What We've Found
can respond to a recent development or announce a position, provide context and
background information for breaking news, and announce a newsworthy event that
the press can be invited to cover. They give the basic who, what, why, when, how
and where and, with relative ease and little expense, they have the potential to
reach a wide circulation through print and electronic media.
Just the Facts
If you decide a press release would be a good option for your project,
contact and work with your District Public Involvement Officer. Press releases
provide reporters with information they need so they can decide whether and how
to cover a story. The information given to reporters should be legitimately
newsworthy and mark important milestones in a group’s activities and
To help ensure that news about a project gets noticed and results in media
coverage, consider the following:
- Identify the news organizations that are most likely to be interested and
write the release so it addresses their interests and audiences.
- Consider the effect the announcement may have on the audiences of the news
organizations that receive the release, and place the announcement within the
context of trends or developments that affect the target audience.
- Assemble several approved quotes from leaders or a well-known personality
associated with the project to have on hand for writing releases in a
- Time releases for Monday mornings which are generally best; Fridays are the
worst days for most news organizations.
- Don’t be discouraged if press releases are not always used. Many reporters
save them for a future story or pass them on to other writers that they think
might be interested.
How To Do It
a Strong Media Contact List
Long before submitting anything for
coverage, establish a strong rapport with news staff. Create a contact
that includes all relevant reporters, columnists, editors, news
directors, assignment editors and talk show hosts at all citywide, regional and
community newspapers and television and radio stations. Your District PIO may
already have a press list. Other tactics are to scan the local yellow pages and
call every media outlet listed or consult a national media directory such as
Bacon’s directories or News Media Yellow Book.2. Identify a
Such examples include the initial formation of a
group, when an important new organization or public official supports the cause,
or when an event is being organized such as a public meeting
Don't Bury the Lead!
Summarize what’s most important—called the
lead—in the first paragraph. It should capture the most essential information
and tempt the reader further. Then answer the basic who, what, why, how and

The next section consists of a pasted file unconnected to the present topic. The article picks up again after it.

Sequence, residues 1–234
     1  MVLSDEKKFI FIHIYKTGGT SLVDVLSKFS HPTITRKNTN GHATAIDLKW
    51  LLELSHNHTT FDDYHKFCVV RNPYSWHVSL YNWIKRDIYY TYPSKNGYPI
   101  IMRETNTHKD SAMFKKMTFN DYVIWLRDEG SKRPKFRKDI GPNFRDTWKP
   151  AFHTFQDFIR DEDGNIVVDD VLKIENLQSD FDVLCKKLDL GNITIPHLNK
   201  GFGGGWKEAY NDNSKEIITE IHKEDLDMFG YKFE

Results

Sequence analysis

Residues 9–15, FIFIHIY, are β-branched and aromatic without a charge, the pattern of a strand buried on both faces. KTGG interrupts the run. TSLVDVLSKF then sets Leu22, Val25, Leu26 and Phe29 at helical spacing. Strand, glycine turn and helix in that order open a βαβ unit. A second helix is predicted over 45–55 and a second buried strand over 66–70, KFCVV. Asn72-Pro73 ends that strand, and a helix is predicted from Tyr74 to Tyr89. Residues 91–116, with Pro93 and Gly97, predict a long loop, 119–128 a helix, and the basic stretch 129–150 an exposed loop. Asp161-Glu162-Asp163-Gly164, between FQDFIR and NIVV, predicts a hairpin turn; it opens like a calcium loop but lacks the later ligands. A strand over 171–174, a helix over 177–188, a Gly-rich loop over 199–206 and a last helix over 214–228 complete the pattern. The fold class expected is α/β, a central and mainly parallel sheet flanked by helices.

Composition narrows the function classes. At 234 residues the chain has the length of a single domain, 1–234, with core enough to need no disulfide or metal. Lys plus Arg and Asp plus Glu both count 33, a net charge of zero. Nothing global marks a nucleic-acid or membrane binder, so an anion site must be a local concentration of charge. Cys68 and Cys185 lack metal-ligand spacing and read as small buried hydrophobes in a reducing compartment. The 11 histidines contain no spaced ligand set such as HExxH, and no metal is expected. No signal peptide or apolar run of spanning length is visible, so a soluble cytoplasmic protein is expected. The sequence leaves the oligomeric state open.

where. Leave the least important information for the end so it can be edited if
need be. The story should be to one- to two-pages, double-spaced.
4. Format it Like a Pro
- Put it on letterhead.
- Include date of issue and time of release (usually "immediate").
- Give a contact person and phone number in the top right hand corner so a
reporter can follow up for questions or conduct an interview.
- Put a brief heading on the top of the page; repeat the heading in shortened
form on top of succeeding pages.
5. A Picture is Worth a
Include a photo that
illustrates the project or activity that you are announcing, accompanied by a
6. Send the Release
five days before a story should be published in a daily newspaper and up to two
weeks before a weekly paper, send the release—either by mail, fax, or email.
Send it to one contact, preferably someone who has covered the organization or
project before. Never send the same release to two different people at the same
television or radio station or newspaper.
Don’t sit back and wait to see if the story appears. Follow up
with a telephone call whether the release was mailed, emailed or faxed.
A statement or story
an organization prepares and distributes to the news media.
Use It If...
- You need free publicity for your organization.
- You need to let the public know about an event. You need to reach a wide
audience to increase awareness about your project.
- You are expecting press releases account to cover all public communication.
Press releases should not be used indiscriminately and routinely. If they are
sent too often, the media will start to ignore them.
- You want to reach a small or targeted audience.
- You are looking for a way express your own opinion. Emphasize facts, not
opinions unless as quotes from someone else’s mouth. Consider writing an Op-Ed
piece if you want to argue a specific viewpoint.
- You are expecting a windfall of publicity. Time of day (if a newscast), the
page the article appears on (if a newspaper), and length of story all affect
whether or not the audience sees the article or hears the story, and how
effective it is
Timing is Everything
releases should be used throughout the planning process – as long as there is
substantial new news to report. But remember the caution to use press releases